TCS Daily


Where Is the Poland In This New Cold War?

By Rand Simberg - April 5, 2005 12:00 AM

Pope John Paul II will be known for many great achievements, but foremost among them will be his unique role, in conjunction with Ronald Reagan, Margaret Thatcher and others, in helping end the Soviet empire, a feat that few thought possible when he first donned the shoes of the fisherman over a quarter century ago.

Cardinal Karol Wojtyla was from Poland, a front line in the Cold War against the Soviets. Unlike the traditional Italian Cardinals, he knew life well on both sides of the Iron Curtain, and thus was well-placed to bring it down. While we cannot know what the primary motivations of the College of the Cardinals were in anointing him to replace his short-lived predecessor (whose name he took), this fact could not have been unconsidered in their deliberations.

 

While for much of the west, the Cold War was a battle of ideologies, for the Church, it was almost explicitly a religious war; but a strange one -- rather than a war between two different theistic faiths, it was a confrontation between believers and fanatical non-believers. Non-believers, in fact, whose faith in the absence of God was so strong that it became a belief unto itself. Indeed, theres nothing particularly un-Catholic about collectivism; but a collectivist state that was explicitly atheist, and one that oppressed all forms of Christianity in general, and Catholicism in particular, was a state with which the Church would find a quite natural antipathy.

 

So the 1980s alliance of the Pope, President and Prime Minister was one forged on the anvil of a common enemy, but with uncommon reasons for their animosity toward it. And for those reasons, once that enemy had been vanquished, the Church could then refocus on other challenges, one of which was the perceived threat of the hyperpower represented by a unipolar world dominated by the United States. Hence the more chilly relations between John Paul and the current president, particularly over the war to remove Saddam Hussein (despite his own persecution of the Catholic Chaldeans in Iraq).

 

But with the passing of the Polish Pope, the Church has a new opportunity to help defeat another totalitarian enemy both old and new, again for its own reasons.

 

The old enemy is, of course, Islam. When Al Qaeda uses the word "crusaders" to describe the west, it is invoking a term almost a millennium old. The war goes back further than that, to the eighth century, when the Spanish Muslims were thrown back at the Battle of Tours by Charles Martel, ending their hopes of conquering Europe. Osama bin Laden has made clear his ultimate desire to restore the lost Caliphate, and, in Europe itself, to recover "al Andalus" or Spain, which was lost to Islam half a millennium ago when Spain was reconquered by the Church and the Moors were forced to leave.

 

That is not to say, of course, that Christianity, which even in Catholicism has been reformed for centuries, cannot make peace with a reformed Islam. But such a reform must occur, and the new enemy that stands in the way is a new totalitarian ideology--Islamism, a blend of religion and ideology most extremely represented by bin Laden and Al Qaeda, but unfortunately also widely embraced in the Arab world, as a result of Saudi-funded propaganda in their schools called madrassas. Unlike the atheistic totalitarianism of the Soviets, it is one based on total submission to God (in this case Allah), but like Soviet totalitarianism, it is ultimately incompatible with Catholicism (or any religion other than fundamentalist Islam).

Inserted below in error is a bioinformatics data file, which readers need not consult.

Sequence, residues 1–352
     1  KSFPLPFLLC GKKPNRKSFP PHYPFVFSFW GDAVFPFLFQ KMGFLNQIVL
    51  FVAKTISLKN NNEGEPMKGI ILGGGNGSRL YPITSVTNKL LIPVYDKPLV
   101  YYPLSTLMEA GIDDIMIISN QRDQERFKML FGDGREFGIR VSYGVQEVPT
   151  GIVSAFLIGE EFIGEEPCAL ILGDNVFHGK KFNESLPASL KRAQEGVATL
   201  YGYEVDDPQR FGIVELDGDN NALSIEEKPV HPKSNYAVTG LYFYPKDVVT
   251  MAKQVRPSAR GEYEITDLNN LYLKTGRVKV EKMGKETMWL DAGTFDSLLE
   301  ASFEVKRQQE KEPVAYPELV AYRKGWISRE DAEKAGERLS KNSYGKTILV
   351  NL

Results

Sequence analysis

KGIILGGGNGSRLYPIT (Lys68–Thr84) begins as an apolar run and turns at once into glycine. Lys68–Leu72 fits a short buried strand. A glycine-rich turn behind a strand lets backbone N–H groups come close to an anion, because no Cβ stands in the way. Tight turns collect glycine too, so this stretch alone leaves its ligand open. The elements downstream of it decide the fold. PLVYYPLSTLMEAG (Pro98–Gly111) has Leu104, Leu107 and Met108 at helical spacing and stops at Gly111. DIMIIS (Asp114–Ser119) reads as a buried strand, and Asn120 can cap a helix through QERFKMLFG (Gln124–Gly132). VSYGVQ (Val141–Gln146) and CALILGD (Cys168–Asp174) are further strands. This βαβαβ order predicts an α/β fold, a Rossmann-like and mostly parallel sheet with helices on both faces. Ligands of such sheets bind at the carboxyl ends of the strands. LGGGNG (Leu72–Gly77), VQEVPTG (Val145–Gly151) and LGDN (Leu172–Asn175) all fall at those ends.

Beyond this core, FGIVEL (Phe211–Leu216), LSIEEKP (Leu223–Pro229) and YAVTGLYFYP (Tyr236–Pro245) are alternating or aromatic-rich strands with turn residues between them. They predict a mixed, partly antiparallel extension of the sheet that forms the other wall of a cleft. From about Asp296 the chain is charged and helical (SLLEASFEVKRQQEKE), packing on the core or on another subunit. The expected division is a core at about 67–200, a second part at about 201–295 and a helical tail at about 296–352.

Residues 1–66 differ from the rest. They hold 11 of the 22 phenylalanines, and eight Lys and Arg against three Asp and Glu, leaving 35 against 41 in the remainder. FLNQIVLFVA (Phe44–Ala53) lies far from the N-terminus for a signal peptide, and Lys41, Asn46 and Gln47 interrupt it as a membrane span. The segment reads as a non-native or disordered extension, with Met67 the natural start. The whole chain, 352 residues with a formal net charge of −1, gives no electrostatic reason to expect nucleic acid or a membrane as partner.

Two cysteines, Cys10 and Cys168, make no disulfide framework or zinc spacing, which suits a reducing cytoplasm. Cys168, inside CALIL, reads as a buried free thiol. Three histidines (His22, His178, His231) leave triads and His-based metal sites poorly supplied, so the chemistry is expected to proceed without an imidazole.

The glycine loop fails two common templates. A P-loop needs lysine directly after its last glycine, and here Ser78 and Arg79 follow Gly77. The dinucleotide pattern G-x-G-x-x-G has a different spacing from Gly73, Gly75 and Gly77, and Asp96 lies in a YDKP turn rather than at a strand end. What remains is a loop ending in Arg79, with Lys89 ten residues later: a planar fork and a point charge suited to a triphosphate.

So where is the Poland in this new Cold War? Where are the front lines in clashes between Christianity and Islam? Given the widespread nature of both religions, and the numerous geographical overlaps between them, there are many ongoing skirmishes across the globe (just as was the case against the Soviets). For instance, Christians (as well as non-Sunni Muslims) are being targeted by many of the bombings in Iraq. But it could be argued that some of the longest-running and intense battles are occurring at the interface between the two faiths in Africa, and particularly Nigeria (though the genocidal activities in the Darfur region of the Sudan are another instance). For years, the Islamic northern regions of Nigeria have been attempting to impose Sharia (or Islamic) law on the southern, Christian regions. This includes the penalties of stoning women (but not men) for adultery (which is often simply rape). Just as Poles understood Soviet communism in a way incomprehensible to people in western Europe, the people of Nigeria know the new totalitarian enemy as well as anyone on the planet.


So, will the College of Cardinals once again anoint a Pope tempered in the crucible of the era's ideological war? If so, there's a good chance that the next pontiff will be Francis Arinze, a seventy-two year old who was born in a small village in southern Nigeria. He is the fourth ranking Cardinal, having established his reputation for diplomacy and steadiness during the long Nigerian civil war, remaining there throughout. Not surprisingly, given his background, he is well versed in Islam, and considered a protg of John Paul II. In addition, if selected, he would be the first African pope since the death of Galacius I, over fifteen hundred years ago, so many will think that it's past time to try another one. It may well be, given the stakes, and the state of a world, in a new global war in which Africa is a key fulcrum.

 

The author is a frequent TCS contributor. Find more of his writing here.

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